Last winter, police found more than five miles of illegal nets filled with more than 12 tons of striped bass.
“It matters because the striped bass are a protected resource,” said Corporal Roy Rafter, as he stood in the patrol boat, near a screen with electronic images of the Bay’s bottom. “Striped bass are a migratory fish, and this happens to be their spawning ground. We have an obligation to make sure that this fish gets safely through this area and into other areas.”
The poaching incidents last January and February sparked heightened vigilance among Maryland officials, who purchased new side-scan sonar systems for police boats to detect illegal nets. The Maryland General Assembly passed laws last year that increase penalties for poaching to $25,000; allow the state to revoke commercial fishing licenses more easily; and allow officers to search the cabins and compartments of fishing boats without probable cause. New regulations require commercial fishermen to put their license numbers on all nets.
Police are now using these powers for the first time.
The patrol boat motors just south of the Bay Bridge, between several commercial fishing boats. Watermen haul in the lines of what are called gill nets, which are like submerged volleyball nets, with five-inch-wide openings to catch striped bass by their gills, while letting smaller fish pass through. To be legal, the nets must be free-floating and constantly monitored by fishermen. (The illegal nets discovered last winter were anchored and unmonitored).
The patrol boat pulls up to a fishing boat called the Shellfish 2. Officers leap aboard to conduct a surprise inspection.
The officers check the nets folded in wooden boxes, finding that each is properly numbered. Waterman Leo James, 67, said he does not mind having his nets checked, because poachers steal from not only the Bay, but also from honest watermen.
“It don’t bother me. I ain’t doing nothing wrong,” James said. “This just stops people from doing things illegal, that’s all.”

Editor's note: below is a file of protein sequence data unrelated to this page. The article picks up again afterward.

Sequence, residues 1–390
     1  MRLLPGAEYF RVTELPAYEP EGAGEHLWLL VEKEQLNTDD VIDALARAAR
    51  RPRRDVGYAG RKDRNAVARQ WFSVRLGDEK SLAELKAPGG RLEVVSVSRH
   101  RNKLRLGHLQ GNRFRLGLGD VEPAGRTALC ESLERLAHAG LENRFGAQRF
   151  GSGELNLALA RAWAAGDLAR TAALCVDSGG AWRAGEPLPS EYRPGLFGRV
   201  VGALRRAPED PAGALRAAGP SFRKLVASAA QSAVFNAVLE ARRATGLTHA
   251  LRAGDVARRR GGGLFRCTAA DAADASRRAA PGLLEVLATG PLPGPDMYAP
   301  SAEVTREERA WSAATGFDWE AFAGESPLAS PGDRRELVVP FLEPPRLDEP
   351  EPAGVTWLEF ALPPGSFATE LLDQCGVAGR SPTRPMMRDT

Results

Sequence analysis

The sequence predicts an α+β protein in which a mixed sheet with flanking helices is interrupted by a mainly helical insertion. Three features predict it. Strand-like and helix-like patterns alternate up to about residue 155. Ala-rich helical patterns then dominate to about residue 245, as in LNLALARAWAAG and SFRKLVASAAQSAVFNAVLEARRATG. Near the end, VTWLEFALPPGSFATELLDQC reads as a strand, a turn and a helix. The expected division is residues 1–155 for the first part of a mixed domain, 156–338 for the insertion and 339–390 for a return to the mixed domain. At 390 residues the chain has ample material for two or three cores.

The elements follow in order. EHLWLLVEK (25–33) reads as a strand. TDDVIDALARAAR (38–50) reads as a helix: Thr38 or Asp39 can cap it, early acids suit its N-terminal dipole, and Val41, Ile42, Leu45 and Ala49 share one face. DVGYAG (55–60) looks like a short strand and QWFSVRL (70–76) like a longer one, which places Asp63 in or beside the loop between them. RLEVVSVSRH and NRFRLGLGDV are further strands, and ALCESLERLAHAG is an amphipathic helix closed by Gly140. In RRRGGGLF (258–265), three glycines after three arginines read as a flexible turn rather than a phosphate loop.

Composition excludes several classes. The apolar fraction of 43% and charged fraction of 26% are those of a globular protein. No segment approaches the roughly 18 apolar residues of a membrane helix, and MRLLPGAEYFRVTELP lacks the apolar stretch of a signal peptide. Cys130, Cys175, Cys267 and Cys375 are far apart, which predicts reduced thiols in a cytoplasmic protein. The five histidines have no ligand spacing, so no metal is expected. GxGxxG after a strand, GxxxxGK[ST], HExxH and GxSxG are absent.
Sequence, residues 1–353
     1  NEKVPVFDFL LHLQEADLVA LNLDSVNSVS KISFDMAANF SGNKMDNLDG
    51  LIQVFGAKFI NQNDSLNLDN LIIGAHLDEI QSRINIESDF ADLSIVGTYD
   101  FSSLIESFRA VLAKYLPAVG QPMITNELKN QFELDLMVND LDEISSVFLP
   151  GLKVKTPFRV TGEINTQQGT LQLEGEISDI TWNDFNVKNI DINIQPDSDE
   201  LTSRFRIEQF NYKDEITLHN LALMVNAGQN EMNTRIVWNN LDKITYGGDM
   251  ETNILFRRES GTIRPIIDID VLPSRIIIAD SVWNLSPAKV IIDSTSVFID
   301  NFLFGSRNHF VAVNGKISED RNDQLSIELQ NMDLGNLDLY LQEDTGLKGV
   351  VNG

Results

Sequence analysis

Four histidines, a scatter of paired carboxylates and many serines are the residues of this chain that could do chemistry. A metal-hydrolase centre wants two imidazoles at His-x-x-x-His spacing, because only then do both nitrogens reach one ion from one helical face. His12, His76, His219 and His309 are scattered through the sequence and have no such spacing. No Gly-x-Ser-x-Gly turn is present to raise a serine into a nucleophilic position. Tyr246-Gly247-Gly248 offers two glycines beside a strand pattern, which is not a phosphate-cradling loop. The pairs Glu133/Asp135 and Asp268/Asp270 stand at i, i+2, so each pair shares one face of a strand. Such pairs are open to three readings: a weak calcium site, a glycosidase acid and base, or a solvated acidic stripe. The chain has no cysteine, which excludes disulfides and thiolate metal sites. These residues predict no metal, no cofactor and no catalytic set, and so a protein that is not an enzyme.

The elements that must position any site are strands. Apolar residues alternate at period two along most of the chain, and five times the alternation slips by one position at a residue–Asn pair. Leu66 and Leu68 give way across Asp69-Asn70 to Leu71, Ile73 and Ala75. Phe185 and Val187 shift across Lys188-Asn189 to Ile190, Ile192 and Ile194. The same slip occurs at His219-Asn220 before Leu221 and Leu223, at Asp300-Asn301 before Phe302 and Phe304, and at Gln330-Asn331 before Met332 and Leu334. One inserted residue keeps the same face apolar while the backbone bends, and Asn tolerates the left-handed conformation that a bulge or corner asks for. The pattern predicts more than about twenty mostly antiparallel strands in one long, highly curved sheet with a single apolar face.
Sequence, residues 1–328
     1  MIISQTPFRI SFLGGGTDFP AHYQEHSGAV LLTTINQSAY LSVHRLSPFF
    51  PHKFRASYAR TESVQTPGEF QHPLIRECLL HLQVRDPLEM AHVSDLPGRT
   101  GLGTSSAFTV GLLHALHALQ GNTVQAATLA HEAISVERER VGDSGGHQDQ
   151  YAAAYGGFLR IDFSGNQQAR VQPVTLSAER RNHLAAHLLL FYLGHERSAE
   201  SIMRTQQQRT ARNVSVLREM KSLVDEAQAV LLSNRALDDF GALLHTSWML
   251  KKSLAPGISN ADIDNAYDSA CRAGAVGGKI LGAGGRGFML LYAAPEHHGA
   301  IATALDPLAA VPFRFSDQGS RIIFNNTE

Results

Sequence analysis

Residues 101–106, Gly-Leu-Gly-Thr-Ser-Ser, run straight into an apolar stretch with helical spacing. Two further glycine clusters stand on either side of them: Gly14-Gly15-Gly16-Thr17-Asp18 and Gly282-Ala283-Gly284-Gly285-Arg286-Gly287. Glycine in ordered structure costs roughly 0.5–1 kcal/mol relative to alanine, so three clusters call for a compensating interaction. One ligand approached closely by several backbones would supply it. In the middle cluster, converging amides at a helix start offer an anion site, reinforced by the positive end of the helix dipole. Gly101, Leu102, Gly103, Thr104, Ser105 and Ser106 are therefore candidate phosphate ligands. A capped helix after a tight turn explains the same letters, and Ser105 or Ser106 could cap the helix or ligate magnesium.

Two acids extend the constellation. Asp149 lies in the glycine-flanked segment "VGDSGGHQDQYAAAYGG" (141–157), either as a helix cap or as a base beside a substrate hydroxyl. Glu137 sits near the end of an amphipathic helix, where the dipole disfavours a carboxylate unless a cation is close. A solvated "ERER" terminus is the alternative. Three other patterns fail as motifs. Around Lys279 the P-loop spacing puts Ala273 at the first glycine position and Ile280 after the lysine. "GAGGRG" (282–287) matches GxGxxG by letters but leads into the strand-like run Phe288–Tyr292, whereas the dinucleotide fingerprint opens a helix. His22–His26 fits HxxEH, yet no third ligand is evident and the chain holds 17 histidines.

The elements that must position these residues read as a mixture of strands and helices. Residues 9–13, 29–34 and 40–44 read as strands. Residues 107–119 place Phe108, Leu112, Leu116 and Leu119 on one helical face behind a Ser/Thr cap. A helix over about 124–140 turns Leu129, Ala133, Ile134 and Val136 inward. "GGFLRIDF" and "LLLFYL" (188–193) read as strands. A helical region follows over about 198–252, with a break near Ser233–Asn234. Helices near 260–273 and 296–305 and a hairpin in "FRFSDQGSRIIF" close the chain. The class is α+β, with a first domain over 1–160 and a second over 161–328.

Sgt. Art Windemuth said police are using cameras, radar, and other electric devices to make sure watermen don’t dredge for oysters in protected areas. In 2009, Maryland more than doubled the size of its oyster sanctuaries, to more than 9,000 acres. But these expanded sanctuaries need to be protected, because in the past, at least 75 percent of oyster sanctuaries in Maryland have been victimized by poaching, according to one estimate by University of Maryland researcher.
“We don’t want to infringe on anyone’s rights,” Sgt. Windemuth said. “But when we have a public resource, a public treasure if you will, we take that responsibility very seriously. And we must protect it for future generations.”
Larry Simns, president of the Maryland Watermen’s Association, said that he has no objections to the state’s use of the electronic equipment to deter poaching. “The fishermen were stealing from the other fishermen," Simns said. “If it will help the problem, we don’t have any problem with it.
Simns added, however, that the new laws passed by the General Assembly last spring make it clear that watermen working the Bay have zero privacy.
Natural Resource police say their use of the new laws and technology are ways of getting creative to protect 17,000 miles of waterways with a police force that has been trimmed by almost half over the last decade because of budget cuts.
Vigorous enforcement sends a message that limits need to be respected by everyone on the Bay, so that wildlife remains healthy and sustainable, and so that overzealous fishermen don’t fish themselves into extinction.
By Tom Pelton
Chesapeake Bay Foundation